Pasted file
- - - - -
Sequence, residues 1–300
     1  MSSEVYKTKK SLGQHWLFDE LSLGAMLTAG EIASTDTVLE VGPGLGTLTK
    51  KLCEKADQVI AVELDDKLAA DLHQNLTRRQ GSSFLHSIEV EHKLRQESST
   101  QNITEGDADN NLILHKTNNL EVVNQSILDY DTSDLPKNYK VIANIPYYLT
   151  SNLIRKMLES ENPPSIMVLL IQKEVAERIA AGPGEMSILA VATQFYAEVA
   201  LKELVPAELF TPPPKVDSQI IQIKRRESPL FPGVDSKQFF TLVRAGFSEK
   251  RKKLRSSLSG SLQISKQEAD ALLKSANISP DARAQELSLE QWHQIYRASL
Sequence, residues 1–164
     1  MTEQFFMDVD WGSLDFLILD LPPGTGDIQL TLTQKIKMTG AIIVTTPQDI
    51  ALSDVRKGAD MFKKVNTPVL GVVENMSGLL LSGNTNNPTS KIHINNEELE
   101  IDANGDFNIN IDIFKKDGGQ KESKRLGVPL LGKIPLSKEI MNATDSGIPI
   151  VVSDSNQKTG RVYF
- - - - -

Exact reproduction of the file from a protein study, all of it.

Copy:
Sequence, residues 1–300
     1  MSSEVYKTKK SLGQHWLFDE LSLGAMLTAG EIASTDTVLE VGPGLGTLTK
    51  KLCEKADQVI AVELDDKLAA DLHQNLTRRQ GSSFLHSIEV EHKLRQESST
   101  QNITEGDADN NLILHKTNNL EVVNQSILDY DTSDLPKNYK VIANIPYYLT
   151  SNLIRKMLES ENPPSIMVLL IQKEVAERIA AGPGEMSILA VATQFYAEVA
   201  LKELVPAELF TPPPKVDSQI IQIKRRESPL FPGVDSKQFF TLVRAGFSEK
   251  RKKLRSSLSG SLQISKQEAD ALLKSANISP DARAQELSLE QWHQIYRASL
Sequence, residues 1–164
     1  MTEQFFMDVD WGSLDFLILD LPPGTGDIQL TLTQKIKMTG AIIVTTPQDI
    51  ALSDVRKGAD MFKKVNTPVL GVVENMSGLL LSGNTNNPTS KIHINNEELE
   101  IDANGDFNIN IDIFKKDGGQ KESKRLGVPL LGKIPLSKEI MNATDSGIPI
   151  VVSDSNQKTG RVYF